Illinois volleyball wins without Stadick


Austin Yattoni

Illinois setter Jordyn Poulter (1) sets the ball to Ali Bastianelli (5) during the match against Arkansas at Huff Hall on August 26. The Illini won 3-0.

By James Boyd, Staff Writer

The Illinois volleyball team moved to 9-4 on the season after defeating Rutgers at home, but the win came without senior Katie Stadick.

The Illini’s middle blocker was dressed in full uniform and cheered her teammates on throughout the match against the Scarlet Knights, but it was clear after the first few rotations that she wouldn’t play.  

Sophomore Blayke Hranicka got the start in place of her injured teammate. Hranicka recorded three kills and four block assists in Illinois’ straight-sets victory

“Katie could’ve played,” head coach Kevin Hambly said. “It was my choice not to play her. Just wanted to rest her a little bit.”

Hambly didn’t disclose what was specifically wrong with Stadick’s wrist or if she would play in Illinois’ next match against defending national champion Nebraska. But he did admit that her discomfort came after she made a block attempt.

This isn’t Stadick’s first run-in with injury this year.

Before the season even started, she fractured her left thumb during the preseason but played throughout Illinois’ first few matches of the year.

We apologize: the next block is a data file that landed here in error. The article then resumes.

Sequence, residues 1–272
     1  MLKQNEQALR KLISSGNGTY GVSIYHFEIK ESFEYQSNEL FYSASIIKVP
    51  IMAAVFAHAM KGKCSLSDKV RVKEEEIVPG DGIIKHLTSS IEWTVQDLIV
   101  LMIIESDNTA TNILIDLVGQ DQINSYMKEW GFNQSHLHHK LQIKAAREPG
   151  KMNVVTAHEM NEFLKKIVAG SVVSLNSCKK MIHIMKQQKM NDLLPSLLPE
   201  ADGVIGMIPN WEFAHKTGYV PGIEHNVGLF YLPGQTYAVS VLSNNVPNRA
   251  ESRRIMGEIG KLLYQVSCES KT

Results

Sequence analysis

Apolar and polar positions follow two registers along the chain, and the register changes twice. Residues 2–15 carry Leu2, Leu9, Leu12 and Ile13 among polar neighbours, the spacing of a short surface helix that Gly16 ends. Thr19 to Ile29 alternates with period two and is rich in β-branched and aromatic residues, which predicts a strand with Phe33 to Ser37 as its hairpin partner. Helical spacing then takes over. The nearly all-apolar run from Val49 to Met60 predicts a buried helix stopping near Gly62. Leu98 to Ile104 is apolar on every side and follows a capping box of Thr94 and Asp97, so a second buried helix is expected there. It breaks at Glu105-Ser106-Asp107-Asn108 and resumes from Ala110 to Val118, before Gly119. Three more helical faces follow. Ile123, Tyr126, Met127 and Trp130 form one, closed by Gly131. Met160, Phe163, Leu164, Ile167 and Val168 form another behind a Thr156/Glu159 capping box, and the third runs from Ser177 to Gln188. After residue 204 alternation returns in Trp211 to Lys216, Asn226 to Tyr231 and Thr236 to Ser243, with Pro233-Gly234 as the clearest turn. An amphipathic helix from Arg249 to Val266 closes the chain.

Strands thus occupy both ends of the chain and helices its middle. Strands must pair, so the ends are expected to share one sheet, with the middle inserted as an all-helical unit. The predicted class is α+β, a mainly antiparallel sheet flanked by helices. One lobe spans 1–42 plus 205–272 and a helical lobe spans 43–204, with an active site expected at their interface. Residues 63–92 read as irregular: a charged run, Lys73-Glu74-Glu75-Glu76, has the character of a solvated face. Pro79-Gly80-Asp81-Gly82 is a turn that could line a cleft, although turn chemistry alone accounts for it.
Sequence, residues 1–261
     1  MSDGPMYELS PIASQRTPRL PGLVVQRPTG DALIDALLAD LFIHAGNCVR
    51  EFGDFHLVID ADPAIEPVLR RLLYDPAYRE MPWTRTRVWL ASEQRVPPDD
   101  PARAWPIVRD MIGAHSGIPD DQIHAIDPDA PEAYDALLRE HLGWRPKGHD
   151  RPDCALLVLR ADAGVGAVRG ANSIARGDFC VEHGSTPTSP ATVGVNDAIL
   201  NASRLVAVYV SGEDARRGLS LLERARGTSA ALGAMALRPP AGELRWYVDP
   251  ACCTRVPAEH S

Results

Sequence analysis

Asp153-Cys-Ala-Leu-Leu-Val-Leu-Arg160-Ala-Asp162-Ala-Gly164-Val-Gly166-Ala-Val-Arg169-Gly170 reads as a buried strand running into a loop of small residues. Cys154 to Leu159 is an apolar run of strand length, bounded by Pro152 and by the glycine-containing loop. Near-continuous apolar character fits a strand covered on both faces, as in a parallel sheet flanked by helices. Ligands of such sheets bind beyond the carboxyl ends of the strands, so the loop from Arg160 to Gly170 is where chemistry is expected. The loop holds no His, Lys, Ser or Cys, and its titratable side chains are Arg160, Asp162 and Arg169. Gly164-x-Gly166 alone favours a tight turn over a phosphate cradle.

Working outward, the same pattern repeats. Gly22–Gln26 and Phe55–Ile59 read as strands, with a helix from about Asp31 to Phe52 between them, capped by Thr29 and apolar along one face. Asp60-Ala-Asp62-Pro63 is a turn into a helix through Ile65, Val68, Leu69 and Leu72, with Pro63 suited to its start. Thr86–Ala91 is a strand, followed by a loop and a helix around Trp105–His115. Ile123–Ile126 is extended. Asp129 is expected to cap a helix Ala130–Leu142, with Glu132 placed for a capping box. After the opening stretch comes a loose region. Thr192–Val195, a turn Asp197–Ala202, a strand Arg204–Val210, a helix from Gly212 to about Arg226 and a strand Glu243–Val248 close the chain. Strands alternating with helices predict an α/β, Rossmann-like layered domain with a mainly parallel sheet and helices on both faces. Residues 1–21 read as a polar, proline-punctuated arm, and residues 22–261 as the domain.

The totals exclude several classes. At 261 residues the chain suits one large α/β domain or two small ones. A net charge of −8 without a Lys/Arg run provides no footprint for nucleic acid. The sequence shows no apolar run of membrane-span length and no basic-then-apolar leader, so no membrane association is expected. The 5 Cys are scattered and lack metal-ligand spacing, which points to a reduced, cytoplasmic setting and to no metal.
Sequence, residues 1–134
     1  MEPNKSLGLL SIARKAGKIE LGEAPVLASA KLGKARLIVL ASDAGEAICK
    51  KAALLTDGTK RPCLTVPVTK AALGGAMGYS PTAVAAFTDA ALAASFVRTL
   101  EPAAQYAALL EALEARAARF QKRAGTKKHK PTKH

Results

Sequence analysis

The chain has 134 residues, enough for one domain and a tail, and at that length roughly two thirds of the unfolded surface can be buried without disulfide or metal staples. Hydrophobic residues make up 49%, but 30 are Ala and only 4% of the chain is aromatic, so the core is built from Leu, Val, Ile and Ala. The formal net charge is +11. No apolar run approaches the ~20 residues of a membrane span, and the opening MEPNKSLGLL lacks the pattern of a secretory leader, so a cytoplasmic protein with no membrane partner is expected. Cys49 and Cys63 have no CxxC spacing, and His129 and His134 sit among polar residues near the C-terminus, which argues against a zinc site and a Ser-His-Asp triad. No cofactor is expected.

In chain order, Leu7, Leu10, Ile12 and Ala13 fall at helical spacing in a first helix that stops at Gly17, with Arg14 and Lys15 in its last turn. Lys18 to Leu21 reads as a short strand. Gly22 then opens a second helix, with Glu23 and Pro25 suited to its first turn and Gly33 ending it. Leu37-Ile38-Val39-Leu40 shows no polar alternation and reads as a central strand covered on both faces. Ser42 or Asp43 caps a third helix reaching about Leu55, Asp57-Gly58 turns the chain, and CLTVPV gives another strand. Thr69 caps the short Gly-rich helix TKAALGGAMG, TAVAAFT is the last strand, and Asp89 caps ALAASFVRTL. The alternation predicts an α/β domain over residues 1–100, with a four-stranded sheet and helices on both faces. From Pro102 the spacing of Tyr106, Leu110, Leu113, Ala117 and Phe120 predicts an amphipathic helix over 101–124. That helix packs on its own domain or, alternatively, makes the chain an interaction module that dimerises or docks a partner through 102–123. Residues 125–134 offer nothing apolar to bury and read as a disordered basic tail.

Stadick was named the Illini Classic Most Valuable Player after leading the Illini to its third-straight tournament title. She registered 33 kills and 14 blocks in the tournament.

Strizak plays well against the Scarlet Knights

Senior Michelle Strizak registered 13 kills against Purdue and added another 10 when Illinois faced Rutgers at home Saturday.

The Illini won both games, but in the latter, Strizak performed at a much more efficient level. Her attack percentage was .089 when facing Purdue, but against the Scarlet Knights, Strizak’s percentage soared to 0.364.

“I thought I did alright (against Rutgers),” Strizak said. “But I still have a lot more work to do. I think that the way we played defense and everything, and how the way the ball was spread out put me and a lot of the other hitters in a lot of good positions to score.”

Hambly said that he wanted to take some pressure off of his senior by putting her in a few different positions on and off the court.

“She was internalizing a lot,” Hambly said. “She thought it was up to her to make sure we were successful, and that was just not fair. (The burden) needs to be spread out a little bit. It’s hard to be a senior sometimes. This senior was taking too much on and so she needed to kind of let go. I think she’s let go, and that’s helped her play at a higher level.”

[email protected]